In Glazing Techniques you’ll discover how dozens of talented artists approach glazing using a variety of techniques, materials and firing ranges to achieve stunning surfaces that are sure to inspire your work. This book provides step-by-step details on materials, preparing your work, resists, layering, lusters, underglazes, majolica, china paint, stencils, spraying, pouring, and more.
Ceramic glaze recipes are to potters and sculptors like candy is to a kid on Halloween. We just can’t seem to get enough! The cone 6 oxidation glaze recipes in today’s feature were contributed by Lou Roess.
The best way to learn about ceramic glazes and glaze materials is to test them. By studying what happens when varying amounts of various ingredients are combined in a glaze and then fired to various temperatures, you start to understand how materials affect each other, and therefore how to troubleshoot when your results are not what you wanted. But it can be intimidating to delve into glaze chemistry. It is extremely complex, and includes the word ‘chemistry’ in its name, which to some (me included) is an immediate red flag. So in today’s post, Greg Daly gives five excellent tips for getting the most out of glaze testing. Read on, and then get out there and test!
I have to admit, glazing is not my favorite part of the ceramic process. It’s probably because of its potential to make or break a good pot (and believe me, I have broken quite a few with poor glaze application). I tend to be a bit of a sloppy glazer and I sometimes rush through it a little more quickly than I should. Denver, Colorado ceramic artist Annie Chrietzberg is the polar opposite of me in the glaze room: methodical and precise. I know my glazing outcomes could be greatly improved if I followed just a couple of Annie’s tips, so I thought I would share them with the community. Hopefully you will benefit from Annie’s advice too!
How to Test, Tweak, & Perfect Your Glazes with John Britt
In this all-new Ceramic Arts Daily Presents video, John Britt lets you tap into his encyclopedic knowledge of ceramic glazes to build your own understanding of this complex topic. Starting with glaze testing—because testing is key to understanding raw materials and ceramic processes—John explains various testing methods that will help you get great results quickly. On disc two, John geeks out on materials, diving into the three basic components of a glaze—fluxes, glass formers, and refractories—and how various ceramic materials fit into those categories and work together to produce myriad outcomes. With this video, you’ll be able to deepen your understanding of glaze chemistry and improve your glazes at your own pace.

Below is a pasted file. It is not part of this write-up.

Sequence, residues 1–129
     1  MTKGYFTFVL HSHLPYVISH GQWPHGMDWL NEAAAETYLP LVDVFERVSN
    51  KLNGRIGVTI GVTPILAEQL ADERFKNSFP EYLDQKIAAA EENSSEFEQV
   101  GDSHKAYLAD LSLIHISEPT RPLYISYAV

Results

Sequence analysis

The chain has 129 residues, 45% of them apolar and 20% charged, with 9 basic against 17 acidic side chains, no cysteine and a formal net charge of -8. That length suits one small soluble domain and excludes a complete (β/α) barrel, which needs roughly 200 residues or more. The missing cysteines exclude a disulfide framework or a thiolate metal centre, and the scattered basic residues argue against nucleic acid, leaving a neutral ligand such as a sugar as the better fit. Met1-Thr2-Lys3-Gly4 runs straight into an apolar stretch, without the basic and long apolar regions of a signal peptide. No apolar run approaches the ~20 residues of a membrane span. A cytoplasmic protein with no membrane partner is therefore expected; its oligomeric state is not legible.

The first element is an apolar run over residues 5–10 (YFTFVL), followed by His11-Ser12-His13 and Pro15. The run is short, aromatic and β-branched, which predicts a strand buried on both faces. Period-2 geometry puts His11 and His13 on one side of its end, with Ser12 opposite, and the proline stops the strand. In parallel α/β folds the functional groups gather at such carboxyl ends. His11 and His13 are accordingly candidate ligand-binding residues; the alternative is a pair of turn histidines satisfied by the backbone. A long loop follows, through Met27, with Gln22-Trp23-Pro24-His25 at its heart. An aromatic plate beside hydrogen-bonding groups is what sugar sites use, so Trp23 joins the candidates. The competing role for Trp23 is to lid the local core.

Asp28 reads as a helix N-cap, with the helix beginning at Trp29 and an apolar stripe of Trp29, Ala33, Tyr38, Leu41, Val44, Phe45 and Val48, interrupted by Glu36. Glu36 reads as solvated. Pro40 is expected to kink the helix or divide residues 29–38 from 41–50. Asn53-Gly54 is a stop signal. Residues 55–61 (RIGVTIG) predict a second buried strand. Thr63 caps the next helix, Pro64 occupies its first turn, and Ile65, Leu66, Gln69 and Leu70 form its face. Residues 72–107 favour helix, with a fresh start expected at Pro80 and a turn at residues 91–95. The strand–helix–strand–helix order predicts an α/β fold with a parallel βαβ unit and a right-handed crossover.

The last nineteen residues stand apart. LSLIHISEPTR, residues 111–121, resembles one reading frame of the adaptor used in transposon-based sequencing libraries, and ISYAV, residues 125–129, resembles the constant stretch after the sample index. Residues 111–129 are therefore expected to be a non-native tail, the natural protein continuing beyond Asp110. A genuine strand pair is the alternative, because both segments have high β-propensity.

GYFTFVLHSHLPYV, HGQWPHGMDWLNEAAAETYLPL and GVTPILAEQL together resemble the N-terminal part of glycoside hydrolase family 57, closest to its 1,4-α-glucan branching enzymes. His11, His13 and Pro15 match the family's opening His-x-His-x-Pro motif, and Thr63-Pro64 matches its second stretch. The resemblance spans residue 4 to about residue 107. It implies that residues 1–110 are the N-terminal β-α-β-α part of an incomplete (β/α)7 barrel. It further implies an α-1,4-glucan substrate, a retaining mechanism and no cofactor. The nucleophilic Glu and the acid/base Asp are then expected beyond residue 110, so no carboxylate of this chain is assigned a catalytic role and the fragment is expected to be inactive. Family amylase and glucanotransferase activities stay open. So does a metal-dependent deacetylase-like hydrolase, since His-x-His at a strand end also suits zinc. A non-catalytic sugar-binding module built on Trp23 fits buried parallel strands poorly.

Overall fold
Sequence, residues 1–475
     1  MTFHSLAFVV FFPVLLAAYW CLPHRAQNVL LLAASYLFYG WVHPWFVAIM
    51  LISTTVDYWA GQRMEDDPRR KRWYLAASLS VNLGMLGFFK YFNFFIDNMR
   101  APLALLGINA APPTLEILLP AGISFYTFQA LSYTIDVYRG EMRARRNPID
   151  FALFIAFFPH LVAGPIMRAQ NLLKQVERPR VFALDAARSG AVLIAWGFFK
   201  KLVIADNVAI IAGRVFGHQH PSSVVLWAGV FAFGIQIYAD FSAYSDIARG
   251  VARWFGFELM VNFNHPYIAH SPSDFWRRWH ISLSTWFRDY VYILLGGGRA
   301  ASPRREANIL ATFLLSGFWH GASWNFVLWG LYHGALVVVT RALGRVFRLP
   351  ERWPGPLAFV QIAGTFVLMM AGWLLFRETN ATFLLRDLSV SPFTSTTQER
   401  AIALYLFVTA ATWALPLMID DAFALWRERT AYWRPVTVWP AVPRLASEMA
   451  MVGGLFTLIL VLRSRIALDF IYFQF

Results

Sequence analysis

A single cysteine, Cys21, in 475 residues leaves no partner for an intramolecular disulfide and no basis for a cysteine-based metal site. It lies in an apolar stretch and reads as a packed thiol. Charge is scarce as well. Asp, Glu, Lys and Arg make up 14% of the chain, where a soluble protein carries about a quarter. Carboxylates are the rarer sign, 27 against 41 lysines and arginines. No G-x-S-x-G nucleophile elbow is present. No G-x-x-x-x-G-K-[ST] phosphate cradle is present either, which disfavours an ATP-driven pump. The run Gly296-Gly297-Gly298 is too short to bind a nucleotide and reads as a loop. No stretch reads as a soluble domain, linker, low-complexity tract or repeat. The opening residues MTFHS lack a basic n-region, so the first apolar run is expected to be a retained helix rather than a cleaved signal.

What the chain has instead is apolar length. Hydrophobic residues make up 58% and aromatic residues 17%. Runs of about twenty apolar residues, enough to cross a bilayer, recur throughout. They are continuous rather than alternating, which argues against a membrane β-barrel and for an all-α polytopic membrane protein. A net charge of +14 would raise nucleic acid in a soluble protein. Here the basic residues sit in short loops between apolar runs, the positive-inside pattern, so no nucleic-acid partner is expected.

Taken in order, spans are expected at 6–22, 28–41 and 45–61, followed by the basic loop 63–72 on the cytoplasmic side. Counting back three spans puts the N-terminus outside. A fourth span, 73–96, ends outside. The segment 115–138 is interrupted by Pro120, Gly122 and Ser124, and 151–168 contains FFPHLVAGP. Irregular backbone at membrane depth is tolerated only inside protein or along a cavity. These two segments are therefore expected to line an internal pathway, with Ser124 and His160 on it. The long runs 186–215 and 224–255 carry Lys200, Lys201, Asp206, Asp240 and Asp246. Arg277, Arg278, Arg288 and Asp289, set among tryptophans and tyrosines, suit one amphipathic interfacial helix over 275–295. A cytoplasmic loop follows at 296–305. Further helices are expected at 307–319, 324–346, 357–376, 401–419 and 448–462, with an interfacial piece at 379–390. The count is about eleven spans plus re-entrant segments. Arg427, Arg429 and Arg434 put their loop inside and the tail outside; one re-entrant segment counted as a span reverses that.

Developing your own glazes can be tricky because success depends on so many factors. In Developing Glazes, Australian ceramic artist Greg Daly aims to demystify the whole glaze development process with practical advice and complete, step-by-step instructions. A practical glaze book for clay lovers at any skill level, it’s the perfect addition to any ceramics library.
Drawing on more than 30 years of experience in ceramics, author Vince Pitelka has created the most practical, all-inclusive studio handbook for students, studio artists, educators and all those interested in the art of clay. The ten chapters in Clay: A Studio Handbook address the full range of ceramic processes, and bring a lifetime of ceramic knowledge directly into the hands of potters. Concerned about safe and efficient studio operation, Pitelka pays diligent attention to safety practices.
If you’re looking for a concise, yet authoritative book on the basics of developing your own glazes and experimenting with color, this is it. Linda Bloomfield, who holds a PhD in Materials Science and has been working in ceramics for more than 40 years, serves as the perfect candidate to bridge science and art. Colour in Glazes is amply illustrated with finished works and test tiles.
Glazes & Glazing: Finishing Techniques covers many aspects of glazing—from formulating your own special concoctions to working with various combinations and applications.
This is a book about variety and about possibilities. It’s a compilation of techniques from a wide range of experienced clay artists who have figured out something unique in ceramics, perfected it, and documented it so others could take it to the next level. In this book you’ll find techniques for double-walled vessels, miniatures, templates, carving, sculpting, mixed media, throwing, handbuilding, surface decoration, photo transfers, and much more.